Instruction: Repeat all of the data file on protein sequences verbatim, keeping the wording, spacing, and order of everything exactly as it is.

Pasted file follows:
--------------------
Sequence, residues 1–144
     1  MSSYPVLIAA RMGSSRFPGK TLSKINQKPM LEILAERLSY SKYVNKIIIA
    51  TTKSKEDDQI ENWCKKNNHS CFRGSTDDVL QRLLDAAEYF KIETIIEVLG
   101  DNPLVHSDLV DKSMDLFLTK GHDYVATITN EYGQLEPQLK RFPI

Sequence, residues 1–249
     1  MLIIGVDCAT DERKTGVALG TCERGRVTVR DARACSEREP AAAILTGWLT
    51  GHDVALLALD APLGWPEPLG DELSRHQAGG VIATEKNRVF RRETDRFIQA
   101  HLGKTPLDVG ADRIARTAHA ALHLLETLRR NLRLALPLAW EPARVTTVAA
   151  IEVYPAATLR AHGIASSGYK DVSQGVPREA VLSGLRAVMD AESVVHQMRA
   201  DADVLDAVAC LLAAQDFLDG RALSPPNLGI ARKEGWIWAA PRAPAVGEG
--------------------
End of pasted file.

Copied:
Sequence, residues 1–144
     1  MSSYPVLIAA RMGSSRFPGK TLSKINQKPM LEILAERLSY SKYVNKIIIA
    51  TTKSKEDDQI ENWCKKNNHS CFRGSTDDVL QRLLDAAEYF KIETIIEVLG
   101  DNPLVHSDLV DKSMDLFLTK GHDYVATITN EYGQLEPQLK RFPI

Sequence, residues 1–249
     1  MLIIGVDCAT DERKTGVALG TCERGRVTVR DARACSEREP AAAILTGWLT
    51  GHDVALLALD APLGWPEPLG DELSRHQAGG VIATEKNRVF RRETDRFIQA
   101  HLGKTPLDVG ADRIARTAHA ALHLLETLRR NLRLALPLAW EPARVTTVAA
   151  IEVYPAATLR AHGIASSGYK DVSQGVPREA VLSGLRAVMD AESVVHQMRA
   201  DADVLDAVAC LLAAQDFLDG RALSPPNLGI ARKEGWIWAA PRAPAVGEG